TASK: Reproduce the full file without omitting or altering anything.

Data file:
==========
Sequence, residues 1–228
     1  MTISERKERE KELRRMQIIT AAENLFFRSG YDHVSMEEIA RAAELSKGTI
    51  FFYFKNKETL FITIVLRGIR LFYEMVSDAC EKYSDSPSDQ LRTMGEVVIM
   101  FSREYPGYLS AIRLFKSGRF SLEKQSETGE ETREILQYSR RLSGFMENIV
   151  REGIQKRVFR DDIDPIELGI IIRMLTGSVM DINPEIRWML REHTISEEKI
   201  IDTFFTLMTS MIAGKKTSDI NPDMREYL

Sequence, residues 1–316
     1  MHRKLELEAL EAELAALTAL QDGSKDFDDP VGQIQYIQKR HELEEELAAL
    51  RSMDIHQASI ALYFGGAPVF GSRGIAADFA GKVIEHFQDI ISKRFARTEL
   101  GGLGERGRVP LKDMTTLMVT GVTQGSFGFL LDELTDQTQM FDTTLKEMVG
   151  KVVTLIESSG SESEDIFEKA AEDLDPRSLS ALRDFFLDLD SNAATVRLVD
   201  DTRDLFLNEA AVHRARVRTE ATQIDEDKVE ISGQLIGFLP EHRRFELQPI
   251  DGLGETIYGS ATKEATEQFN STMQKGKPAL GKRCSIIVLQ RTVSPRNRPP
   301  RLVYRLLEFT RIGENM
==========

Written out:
Sequence, residues 1–228
     1  MTISERKERE KELRRMQIIT AAENLFFRSG YDHVSMEEIA RAAELSKGTI
    51  FFYFKNKETL FITIVLRGIR LFYEMVSDAC EKYSDSPSDQ LRTMGEVVIM
   101  FSREYPGYLS AIRLFKSGRF SLEKQSETGE ETREILQYSR RLSGFMENIV
   151  REGIQKRVFR DDIDPIELGI IIRMLTGSVM DINPEIRWML REHTISEEKI
   201  IDTFFTLMTS MIAGKKTSDI NPDMREYL

Sequence, residues 1–316
     1  MHRKLELEAL EAELAALTAL QDGSKDFDDP VGQIQYIQKR HELEEELAAL
    51  RSMDIHQASI ALYFGGAPVF GSRGIAADFA GKVIEHFQDI ISKRFARTEL
   101  GGLGERGRVP LKDMTTLMVT GVTQGSFGFL LDELTDQTQM FDTTLKEMVG
   151  KVVTLIESSG SESEDIFEKA AEDLDPRSLS ALRDFFLDLD SNAATVRLVD
   201  DTRDLFLNEA AVHRARVRTE ATQIDEDKVE ISGQLIGFLP EHRRFELQPI
   251  DGLGETIYGS ATKEATEQFN STMQKGKPAL GKRCSIIVLQ RTVSPRNRPP
   301  RLVYRLLEFT RIGENM